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#summerlife

Everything seems to taste fresher and more delicious during the summer months. So make the most of all the good stuff on offer.

Feast then fast

If there’s one time of year that you should indulge in some serious feasting, it’s Christmas. So don’t hold back – you’ve worked hard all year on that rippling physique; it’s time to enjoy the good things in life. A day of eating and drinking to your heart’s content is not going to lead to any massive weight gain, but as insurance, you can always squeeze in a good workout the day before – or even the day of, if you can. Eating fewer calories the day before can also help, with the added bonus of ensuring you’ll be hungry the next day. Then, once you’ve finished pigging out, set a timer and fast for 16 hours. Fasting boosts your human growth hormone and noradrenaline levels and lowers insulin and blood sugar, all of which offer health and weight-control benefits.

Skip the soft drink

While hydrating is essential, quenching that post-workout thirst with a big can of Coke is not the best plan. Research from the American Physiological Society found that drinking sugary, caffeinated soft drinks while exercising in hot weather may increase the risk of kidney disease. They monitored a group of volunteers who completed a four-hour-long exercise cycle, drinking either water or a sugary, caffeinated drink during and after the session. The team found higher levels of creatinine in the blood and a lower glomerular filtration rate – markers for kidney injury – in the soft drink consumers. These participants’ blood levels of vasopressin, an anti-diuretic hormone that raises blood pressure, was also higher and they were mildly dehydrated during and after the trial.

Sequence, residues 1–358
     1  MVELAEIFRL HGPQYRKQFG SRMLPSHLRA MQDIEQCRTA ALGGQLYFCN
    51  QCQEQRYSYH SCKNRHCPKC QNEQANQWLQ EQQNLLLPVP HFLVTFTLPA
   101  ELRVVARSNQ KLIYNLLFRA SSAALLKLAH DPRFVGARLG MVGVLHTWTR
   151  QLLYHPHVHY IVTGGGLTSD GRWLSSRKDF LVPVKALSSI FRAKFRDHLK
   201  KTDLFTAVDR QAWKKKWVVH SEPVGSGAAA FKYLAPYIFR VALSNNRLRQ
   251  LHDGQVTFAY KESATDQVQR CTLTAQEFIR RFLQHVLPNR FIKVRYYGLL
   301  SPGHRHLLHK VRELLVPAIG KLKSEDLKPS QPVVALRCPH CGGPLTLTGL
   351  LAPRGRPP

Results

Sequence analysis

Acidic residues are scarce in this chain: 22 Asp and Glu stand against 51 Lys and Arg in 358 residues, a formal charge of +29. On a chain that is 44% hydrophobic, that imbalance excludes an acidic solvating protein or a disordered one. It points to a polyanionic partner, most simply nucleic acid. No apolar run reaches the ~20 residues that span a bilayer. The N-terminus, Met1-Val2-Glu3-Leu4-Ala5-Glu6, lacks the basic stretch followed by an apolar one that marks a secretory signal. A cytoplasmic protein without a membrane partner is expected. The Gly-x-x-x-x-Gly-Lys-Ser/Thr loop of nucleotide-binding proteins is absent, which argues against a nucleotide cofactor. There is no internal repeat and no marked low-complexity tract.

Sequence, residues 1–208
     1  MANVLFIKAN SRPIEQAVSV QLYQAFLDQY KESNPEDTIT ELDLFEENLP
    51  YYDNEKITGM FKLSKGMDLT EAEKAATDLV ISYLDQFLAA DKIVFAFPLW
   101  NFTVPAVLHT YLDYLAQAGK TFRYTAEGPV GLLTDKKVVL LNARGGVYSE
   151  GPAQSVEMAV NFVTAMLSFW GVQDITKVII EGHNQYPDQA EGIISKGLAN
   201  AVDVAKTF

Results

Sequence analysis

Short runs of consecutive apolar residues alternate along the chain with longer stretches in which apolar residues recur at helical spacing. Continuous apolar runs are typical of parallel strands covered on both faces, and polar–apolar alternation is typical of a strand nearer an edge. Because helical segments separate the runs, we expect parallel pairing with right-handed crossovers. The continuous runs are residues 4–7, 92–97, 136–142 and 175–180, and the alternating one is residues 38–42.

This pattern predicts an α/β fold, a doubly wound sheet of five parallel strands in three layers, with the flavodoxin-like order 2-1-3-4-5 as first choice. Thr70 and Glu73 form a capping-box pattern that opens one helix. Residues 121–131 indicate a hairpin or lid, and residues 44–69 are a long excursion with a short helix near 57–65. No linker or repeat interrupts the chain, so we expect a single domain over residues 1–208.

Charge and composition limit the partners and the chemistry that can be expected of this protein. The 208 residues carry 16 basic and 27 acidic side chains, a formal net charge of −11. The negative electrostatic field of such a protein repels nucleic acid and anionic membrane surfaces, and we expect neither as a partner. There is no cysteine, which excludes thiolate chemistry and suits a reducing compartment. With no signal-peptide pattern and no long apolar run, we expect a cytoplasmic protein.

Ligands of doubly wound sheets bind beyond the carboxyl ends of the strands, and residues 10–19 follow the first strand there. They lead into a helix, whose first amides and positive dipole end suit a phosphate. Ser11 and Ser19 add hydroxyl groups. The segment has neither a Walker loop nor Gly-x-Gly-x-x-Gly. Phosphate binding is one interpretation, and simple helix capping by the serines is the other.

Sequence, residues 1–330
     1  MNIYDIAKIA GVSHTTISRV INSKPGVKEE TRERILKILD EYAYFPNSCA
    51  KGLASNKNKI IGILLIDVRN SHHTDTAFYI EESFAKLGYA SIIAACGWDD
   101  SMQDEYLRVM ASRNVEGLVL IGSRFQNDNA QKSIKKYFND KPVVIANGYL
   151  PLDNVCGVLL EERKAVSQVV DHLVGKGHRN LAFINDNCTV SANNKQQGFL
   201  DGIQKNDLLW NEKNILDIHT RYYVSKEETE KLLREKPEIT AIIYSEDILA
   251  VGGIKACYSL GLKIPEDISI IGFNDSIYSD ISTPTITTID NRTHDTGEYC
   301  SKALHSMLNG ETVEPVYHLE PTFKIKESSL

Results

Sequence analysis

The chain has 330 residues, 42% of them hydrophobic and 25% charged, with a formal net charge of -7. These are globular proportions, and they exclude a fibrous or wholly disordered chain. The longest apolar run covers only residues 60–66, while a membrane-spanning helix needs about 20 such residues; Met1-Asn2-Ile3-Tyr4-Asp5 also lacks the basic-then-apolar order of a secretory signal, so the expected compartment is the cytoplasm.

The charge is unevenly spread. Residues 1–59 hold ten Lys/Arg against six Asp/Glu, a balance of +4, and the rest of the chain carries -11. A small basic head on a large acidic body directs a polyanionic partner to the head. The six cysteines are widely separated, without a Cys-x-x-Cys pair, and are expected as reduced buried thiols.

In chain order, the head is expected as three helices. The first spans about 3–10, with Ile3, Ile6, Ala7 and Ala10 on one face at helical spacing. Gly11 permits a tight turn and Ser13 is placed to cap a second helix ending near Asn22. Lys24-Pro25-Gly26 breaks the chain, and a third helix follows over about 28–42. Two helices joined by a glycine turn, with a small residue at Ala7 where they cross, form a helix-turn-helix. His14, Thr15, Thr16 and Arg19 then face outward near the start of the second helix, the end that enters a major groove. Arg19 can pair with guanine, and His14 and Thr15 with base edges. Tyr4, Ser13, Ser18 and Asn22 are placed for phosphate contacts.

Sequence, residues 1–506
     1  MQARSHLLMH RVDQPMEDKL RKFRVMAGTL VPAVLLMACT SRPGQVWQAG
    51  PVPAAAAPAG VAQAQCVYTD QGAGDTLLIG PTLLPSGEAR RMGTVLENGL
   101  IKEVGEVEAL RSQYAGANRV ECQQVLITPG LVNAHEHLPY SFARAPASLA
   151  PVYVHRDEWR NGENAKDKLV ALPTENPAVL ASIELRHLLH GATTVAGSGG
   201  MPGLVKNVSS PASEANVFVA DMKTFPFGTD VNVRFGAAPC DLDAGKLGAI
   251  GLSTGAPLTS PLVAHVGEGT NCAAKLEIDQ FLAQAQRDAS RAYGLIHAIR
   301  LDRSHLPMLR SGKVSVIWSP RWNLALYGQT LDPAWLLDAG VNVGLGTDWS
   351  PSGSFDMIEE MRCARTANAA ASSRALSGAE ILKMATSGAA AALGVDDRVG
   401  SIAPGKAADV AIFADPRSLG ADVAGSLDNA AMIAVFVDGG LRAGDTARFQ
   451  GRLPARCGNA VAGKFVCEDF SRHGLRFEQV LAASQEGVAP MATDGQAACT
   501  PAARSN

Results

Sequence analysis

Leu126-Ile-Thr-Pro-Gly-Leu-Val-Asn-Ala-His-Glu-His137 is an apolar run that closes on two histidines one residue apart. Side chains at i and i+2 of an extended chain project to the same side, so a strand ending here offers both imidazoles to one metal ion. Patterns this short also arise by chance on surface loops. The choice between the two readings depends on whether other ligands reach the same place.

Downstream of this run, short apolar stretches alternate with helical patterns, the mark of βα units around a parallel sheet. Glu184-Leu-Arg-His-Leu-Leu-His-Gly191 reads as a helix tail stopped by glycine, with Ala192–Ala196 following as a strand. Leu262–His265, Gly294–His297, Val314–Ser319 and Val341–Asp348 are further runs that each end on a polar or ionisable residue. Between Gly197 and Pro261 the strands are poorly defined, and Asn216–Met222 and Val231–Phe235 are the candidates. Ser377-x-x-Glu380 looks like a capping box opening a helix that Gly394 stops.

Eat more seafood

Summer is the perfect season for enjoying seafood. And this is not just good because it’s damn delicious – seafood is damn good for you. The omega-3 fatty acids found in many fish can help to reduce the types of inflammation that’s been linked to everything from obesity and dementia to diabetes and heart disease. A study from Harvard Medical School, US, even found that eating one or two small servings of fish each week can reduce your risk of death from heart disease by 36 percent. ■

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